CREATIVE Katherine Stansfield

NWR Issue 106

Something Black Was Showing

The next day, try as I might, I could not get away from the farm to search. Without Charlotte to help with the work there was more to do and Matthew and I soon fell behind, the way we had when Mrs Peter’s shoulder was bad. I had to add John Peter’s chickens to my list of chores because he was still too ill to leave the house, so Mrs Peter said, though he had seemed well enough the previous evening. Well enough in body, at any rate. His mind – already a tender thing – had worsened since the day Charlotte had not come home. There was no doubt about that.

Matthew was keeping away from the farmhouse during the day. The questions that Mrs Peter and I put to him were wearing him out, more so with each hour that passed and there was no sign of Charlotte.

I went to the holy well that night after another difficult supper and said a protection charm for her, wherever she might be, happy or no. The low branches of the hawthorn tree were heavy with ribbons and rags that fluttered like new, colourful leaves.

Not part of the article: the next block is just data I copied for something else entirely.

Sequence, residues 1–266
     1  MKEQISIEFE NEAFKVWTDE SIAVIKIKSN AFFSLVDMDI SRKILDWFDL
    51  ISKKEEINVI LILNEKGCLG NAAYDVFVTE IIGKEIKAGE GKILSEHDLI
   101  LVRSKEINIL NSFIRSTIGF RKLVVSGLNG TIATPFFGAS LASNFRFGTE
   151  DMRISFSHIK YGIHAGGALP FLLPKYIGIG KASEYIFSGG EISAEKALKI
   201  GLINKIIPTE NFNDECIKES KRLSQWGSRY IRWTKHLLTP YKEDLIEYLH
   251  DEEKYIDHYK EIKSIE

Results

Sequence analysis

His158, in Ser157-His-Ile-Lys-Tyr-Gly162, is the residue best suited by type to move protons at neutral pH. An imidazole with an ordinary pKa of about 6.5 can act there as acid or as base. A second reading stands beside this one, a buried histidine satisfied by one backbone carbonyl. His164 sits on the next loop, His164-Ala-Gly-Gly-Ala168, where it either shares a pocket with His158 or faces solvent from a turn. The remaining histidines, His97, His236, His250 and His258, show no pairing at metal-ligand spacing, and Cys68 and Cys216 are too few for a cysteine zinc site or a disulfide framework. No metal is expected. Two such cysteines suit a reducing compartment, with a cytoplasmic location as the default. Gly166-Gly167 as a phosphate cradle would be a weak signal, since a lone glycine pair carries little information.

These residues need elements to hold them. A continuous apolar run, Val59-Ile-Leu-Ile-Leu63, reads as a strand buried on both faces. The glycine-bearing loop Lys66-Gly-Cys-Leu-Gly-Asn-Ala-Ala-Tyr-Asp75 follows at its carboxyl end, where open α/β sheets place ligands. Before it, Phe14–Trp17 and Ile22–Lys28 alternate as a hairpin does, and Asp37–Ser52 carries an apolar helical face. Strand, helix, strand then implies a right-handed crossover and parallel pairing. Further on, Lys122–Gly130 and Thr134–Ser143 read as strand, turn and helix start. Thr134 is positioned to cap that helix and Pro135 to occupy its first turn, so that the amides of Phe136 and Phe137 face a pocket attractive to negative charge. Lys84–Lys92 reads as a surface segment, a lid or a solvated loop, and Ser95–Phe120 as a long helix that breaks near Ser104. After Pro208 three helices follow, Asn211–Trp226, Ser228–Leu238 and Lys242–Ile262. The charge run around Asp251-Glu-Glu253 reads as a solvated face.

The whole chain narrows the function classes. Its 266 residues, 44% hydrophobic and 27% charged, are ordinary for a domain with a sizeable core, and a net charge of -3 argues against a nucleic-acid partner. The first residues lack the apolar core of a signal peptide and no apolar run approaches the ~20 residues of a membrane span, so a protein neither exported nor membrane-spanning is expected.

I barely slept and was awake when the first of the daylight broke into my room. I planned to search early, before morning milking, to cover as much ground as I could. But when I got to the end of the path up to the moor, the scale of the task made me falter.

The moor opened before me, rising and falling and rising again, as far as I could see. To my right was the first marsh, and straight ahead Lanlary Rock, its familiar shape of moor stone breaking from the scrubby grass. Beyond that was the second marsh, then away to the right lay the ford, then beyond that Tresinney, out of sight. Up from the ford was Roughtor and on its other side were more tors – Alex Tor, Butter’s Tor – though they were dwarfed by Roughtor from where I stood. After Alex and Butter’s was the village of St Breward, and Blisland was further on still. And somewhere so far away I could only imagine were the sea and Boscastle. Charlotte could be anywhere...

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